Buried on his birthday

We made some pre­cious mem­o­ries dur­ing Nigel’s fight

Chat - - Come On In! - By Anita Bals­don, 48, from Brad­wor­thy, Devon

Reach­ing for an over­head smash, a man at the end of the sports hall caught my eye. Burly with a belly laugh, you could hardly miss him.

‘I’m Nigel,’ he grinned as I in­tro­duced my­self.

I saw him most weeks from then on.

Nigel had a bril­liant sense of hu­mour and liked to pull my leg. I al­ways fell for his jokes.

My bad­minton shots im­proved, too, un­der the ex­pert tu­ition of ‘Big Nige’ as his friends called him. We never stopped laugh­ing, and soon re­alised some­thing. We were soul mates. Nigel and I each had two kids of our own. But we moved in to­gether and cre­ated one big, happy fam­ily. We mar­ried four years later. Nigel’s son Chaz, then 22, and daugh­ter Claire, 20, were there, along with my two, Chantelle, 14, and Jamie, 11. The years flew by. Nigel worked hard at his plumb­ing busi­ness and I worked as a pay­roll clerk. We loved our hol­i­days, and Nigel was hap­pi­est on the football pitch where he was a goal­keeper, be­fore mov­ing on to ref­er­ee­ing, then help­ing man­age the vil­lage team. Then, in Oc­to­ber 2013, he had to go to hospi­tal for a hip re­place­ment. Af­ter­wards, Nigel was plagued by headaches. ‘It’s prob­a­bly the af­ter­ef­fects of the anaes­thetic,’ I re­as­sured him. Then a friend no­ticed a droop on the left of his lip.

His GP booked an MRI at Barn­sta­ple Hospi­tal.

Twen­ty­four hours later, on 4 Fe­bru­ary 2014, we were back for the re­sults.

‘We’ve found three brain tu­mours. You’ve got a year at most to live,’ the doc­tor said.

We both went white. Nigel was only 53.

We broke the news to the chil­dren.

‘I won’t give up,’ Nigel told them. ‘I’ll try ev­ery treat­ment.’

He had more tests at Der­ri­ford Hospi­tal, Ply­mouth.

They re­vealed Nigel had three pri­mary gliomas – ag­gres­sive brain tu­mours. He needed ur­gent surgery to re­move them. ‘What if he doesn’t?’ I asked. ‘He’ll be dead in three months,’ replied the sur­geon. My head was spin­ning. On 21 Fe­bru­ary, be­fore Nigel was wheeled down for surgery, he said, ‘If I don’t make it, find some­one else.’ ‘Don’t be silly,’ I smiled. When I went to see him af­ter the eight-hour op, he was sit­ting up and chat­ting.

Days later, he be­came ag­i­tated. Tests showed a blood clot in the brain, along with a chest in­fec­tion and the be­gin­nings of sep­sis.

Nigel was rushed back into surgery to re­move the clot.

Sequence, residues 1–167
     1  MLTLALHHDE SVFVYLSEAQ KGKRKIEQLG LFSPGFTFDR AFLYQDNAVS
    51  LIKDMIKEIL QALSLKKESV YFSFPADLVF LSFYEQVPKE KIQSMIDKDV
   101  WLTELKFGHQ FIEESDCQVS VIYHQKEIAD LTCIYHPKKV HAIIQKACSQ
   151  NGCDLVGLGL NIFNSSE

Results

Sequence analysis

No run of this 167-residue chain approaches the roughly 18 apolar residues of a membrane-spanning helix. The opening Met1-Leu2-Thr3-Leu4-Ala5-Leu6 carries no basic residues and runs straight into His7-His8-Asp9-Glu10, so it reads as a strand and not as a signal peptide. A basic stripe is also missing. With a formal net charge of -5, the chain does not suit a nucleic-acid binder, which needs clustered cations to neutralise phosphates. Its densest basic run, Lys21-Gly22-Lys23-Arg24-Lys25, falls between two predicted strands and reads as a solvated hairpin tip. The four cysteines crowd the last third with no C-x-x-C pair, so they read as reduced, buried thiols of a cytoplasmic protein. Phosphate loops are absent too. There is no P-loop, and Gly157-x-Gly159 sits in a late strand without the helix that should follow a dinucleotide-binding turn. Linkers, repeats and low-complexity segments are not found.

Af­ter that, he was back in ICU.

Two days later, he smiled and squeezed my hand. He was fi­nally dis­charged af­ter three weeks in hospi­tal.

The doc­tors had man­aged to re­move most of the largest tu­mour at the top of his brain and around 60 to 70 per cent of the two near his right ear.

Nigel went through chemo and ra­dio­ther­apy

He had three ag­gres­sive brain tu­mours

dur­ing spring 2014. Things were look­ing good. So we started liv­ing life again. We flew to watch our team, Manch­ester United, play at Old Traf­ford. Next, we went to Lon­don to the theatre, had week­ends away vis­it­ing loved ones. Claire made us grand­par­ents and Nigel doted on baby Xavier. For Christ­mas 2015, we were cho­sen by the Dis­abled Sup­port­ers As­so­ci­a­tion to meet the Man United play­ers. ‘We’ve still got some liv­ing to be done,’ I told Nigel. ‘Keep fight­ing un­til they find a cure.’ He nod­ded. ‘How about a cruise?’ I asked Nigel one day. ‘They do a wed­ding pack­age, so we can re­new our vows.’

‘If it makes you happy, then I’m happy!’ Nigel grinned. It’s what he al­ways said. I booked a two-week trip around Nor­way and the Arc­tic Cir­cle for March last year.

We re­ally had the best time.

Back home, Nigel be­gan to have trou­ble with bal­ance and mo­bil­ity, and needed to use a walk­ing frame.

By last Oc­to­ber, he was di­ag­nosed with a bleed on the brain. Then an MRI re­vealed re­ally bad news. Nigel’s big­gest brain tu­mour was back sud­denly.

‘There’s noth­ing more we can do,’ the neu­ro­sur­geon told us. We both cried tears of shock. Back at home, two car­ers started com­ing four times a day.

On 4 March, we were home alone as Nigel’s breath­ing be­gan to change.

I turned down the lights, got into bed with him and held his hands, as I’d promised I would.

I stayed with him af­ter he passed, talk­ing, cry­ing.

It’d been 37 months since Nigel was di­ag­nosed. Amaz­ingly, he’d beaten the first death sen­tence of one year.

We buried Nigel on his 57th birthday, a bit­ter­sweet day.

Af­ter Nigel’s di­ag­no­sis, we got in­volved with the char­ity Brain Tu­mour Re­search.

And though he’s gone, I still have work to do. I want peo­ple to know that liv­ing with brain can­cer is pos­si­ble.

I’m also look­ing for­ward to hol­i­days with the chil­dren and hav­ing time with our grand­son.

As Nigel al­ways said, ‘If you’re happy, then I’m happy.’

So I’ve got to keep smil­ing for him.

Though he’s gone, I still have work to do

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